Educators and unions taking the lead

PPTA president Jack Boyle and general secretary Michael Stevenson report back from the 8th Education International World Congress in Bangkok.

PPTA president Jack Boyle and general secretary Michael Stevenson joined their NZEI and TEU counterparts and 2500 delegates from 179 countries at the Education International 8th World Congress in Bangkok, Thailand.

Education International is the global peak body for education unions, holding a world congress every four years to bring educators together for networking, information sharing and policy setting.

Educators and their unions taking the lead

The theme for 2019 was ‘Educators and their unions taking the lead’. “A very relevant title for PPTA as we begin our accord journey, working on policy to benefit our members alongside partners NZEI and the Ministry of Education,” Michael said. “And of course, there is the $5 million annual PLD fund where we can, once again, show leadership following decades of failure in this space from private providers and edu-preneurs.”

President Jack Boyle spoke to delegates on Education International developing a central depository of resources for disaster response and preparedness. Sadly, a relevant topic for New Zealand, where PPTA members are often the first responders when natural disasters or terrorism occurs.

Education leaders falling victim to political attack

A very frightening part of congress was hearing in person about the education leaders who fall victim to political attack in their own countries, Michael said.

Examples include former Brazilian president and union leader Lulu who is in prison on false corruption charges and Bahrani Teachers’ Union president Jalilia Al-Salam who runs the union from exile in Switzerland after being jailed and tortured for organising protests during the Arab Spring.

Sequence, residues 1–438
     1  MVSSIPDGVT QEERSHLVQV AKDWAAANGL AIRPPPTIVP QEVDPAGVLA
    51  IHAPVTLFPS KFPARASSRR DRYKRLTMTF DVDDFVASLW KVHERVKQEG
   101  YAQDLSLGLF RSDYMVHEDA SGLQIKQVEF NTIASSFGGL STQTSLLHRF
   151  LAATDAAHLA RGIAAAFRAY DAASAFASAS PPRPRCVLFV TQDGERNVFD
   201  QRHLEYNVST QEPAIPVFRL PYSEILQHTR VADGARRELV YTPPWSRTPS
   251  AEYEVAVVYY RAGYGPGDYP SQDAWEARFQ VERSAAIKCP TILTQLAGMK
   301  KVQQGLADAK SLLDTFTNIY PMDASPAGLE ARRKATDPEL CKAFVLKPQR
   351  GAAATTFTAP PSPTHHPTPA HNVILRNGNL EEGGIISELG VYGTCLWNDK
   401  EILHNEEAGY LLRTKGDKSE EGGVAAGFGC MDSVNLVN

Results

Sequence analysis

Michael Stevenson re-elected Asia-Pacific representative 

Michael was re-elected as Asia-Pacific representative on the Commonwealth Teachers’ Group (CTG), a tough task given the large Australian contingent
at the congress.

“You may think the existence of a Commonwealth group is outdated in 2019, but this is not the case. Politicians meet under the banner of the Conference of Commonwealth Education Ministers (CCEM) regularly and it is important for education unions to organise and influence in this space to prevent toxic policies, such as academies and charter schools, gaining momentum. It’s also important to ensure the CTG pushes back against residual colonialism - on this front we will be moving the secretariat from the United Kingdom to Kenya,” he said.

Michael attended a special forum titled ‘Union renewal’. “Attending the workshop was heartening, as PPTA is ahead of many EI affiliates who are still finding their feet in terms of meeting the needs of new and establishing teachers, member education, and the interface between social media and campaigning,” he said.

A full summary of the congress can be found on the Education International website (

Last modified on Tuesday, 17 September 2019 09:55